Short for Initial Coin Offering, an ICO is a type of crowdfunding, or crowdsale, using cryptocurrencies as a means of raising capital for early-stage companies.
It is widely seen as the cryptocurrency world’s answer to initial public offerings (IPOs) — and they were especially popular during the crypto bubble of 2017.
Tokens sold through an ICO may offer utility, meaning that the owner can exchange them for access to a certain product or service. In rare cases, they may represent an ownership stake in the start-up that launched the listing.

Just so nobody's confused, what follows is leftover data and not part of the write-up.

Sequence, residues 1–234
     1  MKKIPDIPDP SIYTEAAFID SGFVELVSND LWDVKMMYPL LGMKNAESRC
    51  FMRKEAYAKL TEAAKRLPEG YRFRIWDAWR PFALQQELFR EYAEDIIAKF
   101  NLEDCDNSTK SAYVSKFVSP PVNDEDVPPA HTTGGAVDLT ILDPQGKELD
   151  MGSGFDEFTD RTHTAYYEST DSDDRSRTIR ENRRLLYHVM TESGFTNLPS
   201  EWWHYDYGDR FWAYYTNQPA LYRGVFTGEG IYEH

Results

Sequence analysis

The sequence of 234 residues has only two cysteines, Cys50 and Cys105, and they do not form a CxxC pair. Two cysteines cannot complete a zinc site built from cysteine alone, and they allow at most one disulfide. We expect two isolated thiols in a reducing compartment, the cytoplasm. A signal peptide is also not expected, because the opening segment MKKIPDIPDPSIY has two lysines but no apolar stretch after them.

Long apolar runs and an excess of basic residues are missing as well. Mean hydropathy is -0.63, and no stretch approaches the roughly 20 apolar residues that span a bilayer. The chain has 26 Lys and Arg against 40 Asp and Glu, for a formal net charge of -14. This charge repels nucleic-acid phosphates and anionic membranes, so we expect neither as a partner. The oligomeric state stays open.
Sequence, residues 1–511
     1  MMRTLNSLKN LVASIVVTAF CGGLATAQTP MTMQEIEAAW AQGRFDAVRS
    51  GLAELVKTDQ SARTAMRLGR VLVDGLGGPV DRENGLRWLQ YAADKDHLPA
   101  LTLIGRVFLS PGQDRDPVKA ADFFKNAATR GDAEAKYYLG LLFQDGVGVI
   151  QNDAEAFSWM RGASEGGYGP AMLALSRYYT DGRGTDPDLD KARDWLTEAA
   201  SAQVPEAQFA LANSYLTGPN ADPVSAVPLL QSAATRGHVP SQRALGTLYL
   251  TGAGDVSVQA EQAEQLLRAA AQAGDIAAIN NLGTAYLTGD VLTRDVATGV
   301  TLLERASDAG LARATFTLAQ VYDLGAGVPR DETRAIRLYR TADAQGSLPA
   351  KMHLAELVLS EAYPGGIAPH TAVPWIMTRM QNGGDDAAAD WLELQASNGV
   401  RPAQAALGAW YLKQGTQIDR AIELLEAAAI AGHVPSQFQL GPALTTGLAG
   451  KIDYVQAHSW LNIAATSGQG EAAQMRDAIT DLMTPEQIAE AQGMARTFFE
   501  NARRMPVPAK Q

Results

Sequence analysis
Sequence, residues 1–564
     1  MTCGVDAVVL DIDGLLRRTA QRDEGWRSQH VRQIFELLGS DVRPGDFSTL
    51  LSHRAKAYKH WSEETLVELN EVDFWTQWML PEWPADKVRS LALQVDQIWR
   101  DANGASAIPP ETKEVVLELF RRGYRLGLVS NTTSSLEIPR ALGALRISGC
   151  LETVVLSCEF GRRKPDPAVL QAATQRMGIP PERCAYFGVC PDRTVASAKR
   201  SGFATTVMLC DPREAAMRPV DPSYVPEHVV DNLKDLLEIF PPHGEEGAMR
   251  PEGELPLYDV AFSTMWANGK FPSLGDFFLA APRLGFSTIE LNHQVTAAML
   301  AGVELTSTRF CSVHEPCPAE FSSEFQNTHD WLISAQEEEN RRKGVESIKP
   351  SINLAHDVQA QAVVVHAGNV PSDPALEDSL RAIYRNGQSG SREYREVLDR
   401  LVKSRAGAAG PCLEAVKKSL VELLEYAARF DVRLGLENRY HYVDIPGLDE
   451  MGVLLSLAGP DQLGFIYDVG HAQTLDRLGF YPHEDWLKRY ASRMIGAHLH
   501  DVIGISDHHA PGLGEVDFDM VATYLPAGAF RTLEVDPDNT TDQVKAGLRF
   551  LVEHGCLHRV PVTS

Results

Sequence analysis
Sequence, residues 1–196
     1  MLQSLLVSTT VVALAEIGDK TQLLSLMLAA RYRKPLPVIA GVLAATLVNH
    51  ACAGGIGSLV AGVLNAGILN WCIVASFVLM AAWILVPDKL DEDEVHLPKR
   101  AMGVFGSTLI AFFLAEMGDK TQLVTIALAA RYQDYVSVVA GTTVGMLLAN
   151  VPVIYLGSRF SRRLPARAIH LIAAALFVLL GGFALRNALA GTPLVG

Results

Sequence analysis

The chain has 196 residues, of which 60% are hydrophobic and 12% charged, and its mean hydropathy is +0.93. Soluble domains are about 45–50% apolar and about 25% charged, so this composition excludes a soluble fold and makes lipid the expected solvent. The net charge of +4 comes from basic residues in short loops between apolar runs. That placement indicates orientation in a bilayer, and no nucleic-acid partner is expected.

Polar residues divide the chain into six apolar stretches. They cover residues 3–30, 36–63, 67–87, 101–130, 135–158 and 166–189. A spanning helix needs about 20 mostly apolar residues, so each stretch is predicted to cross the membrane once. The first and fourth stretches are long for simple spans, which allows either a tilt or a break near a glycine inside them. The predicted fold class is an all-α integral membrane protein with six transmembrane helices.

ICOs have hit headlines in recent years for being very risky investments, and some of them have even been identified as exit scams.
Research by the Review of Financial Studies shows ICOs raked almost $13 billion globally between January 2016 and August 2019. Meanwhile, a report by Ernst & Young found that 86% of leading ICOs that launched in 2017 were below their listing price by October 2018.
The SEC has been known to take action against some projects — including Telegram, which was ordered to return a large sum of the $1.7 billion it raised for the Telegram Open Network back to investors.
In March 2020, under a preliminary injunction issued by the District Court for the Southern District Court of New York, Telegram had to return $1.2 billion to investors on top of a civil penalty worth $18.5 million.
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